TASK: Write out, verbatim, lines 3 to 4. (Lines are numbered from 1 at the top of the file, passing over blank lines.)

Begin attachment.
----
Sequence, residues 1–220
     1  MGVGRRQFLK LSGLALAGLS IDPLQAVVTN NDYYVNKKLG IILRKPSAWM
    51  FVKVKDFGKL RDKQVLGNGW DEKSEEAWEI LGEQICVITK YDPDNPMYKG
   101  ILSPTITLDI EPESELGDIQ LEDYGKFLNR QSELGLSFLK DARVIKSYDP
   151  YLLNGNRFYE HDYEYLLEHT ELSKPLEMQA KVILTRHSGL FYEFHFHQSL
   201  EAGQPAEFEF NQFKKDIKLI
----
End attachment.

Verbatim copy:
    51  FVKVKDFGKL RDKQVLGNGW DEKSEEAWEI LGEQICVITK YDPDNPMYKG
   101  ILSPTITLDI EPESELGDIQ LEDYGKFLNR QSELGLSFLK DARVIKSYDP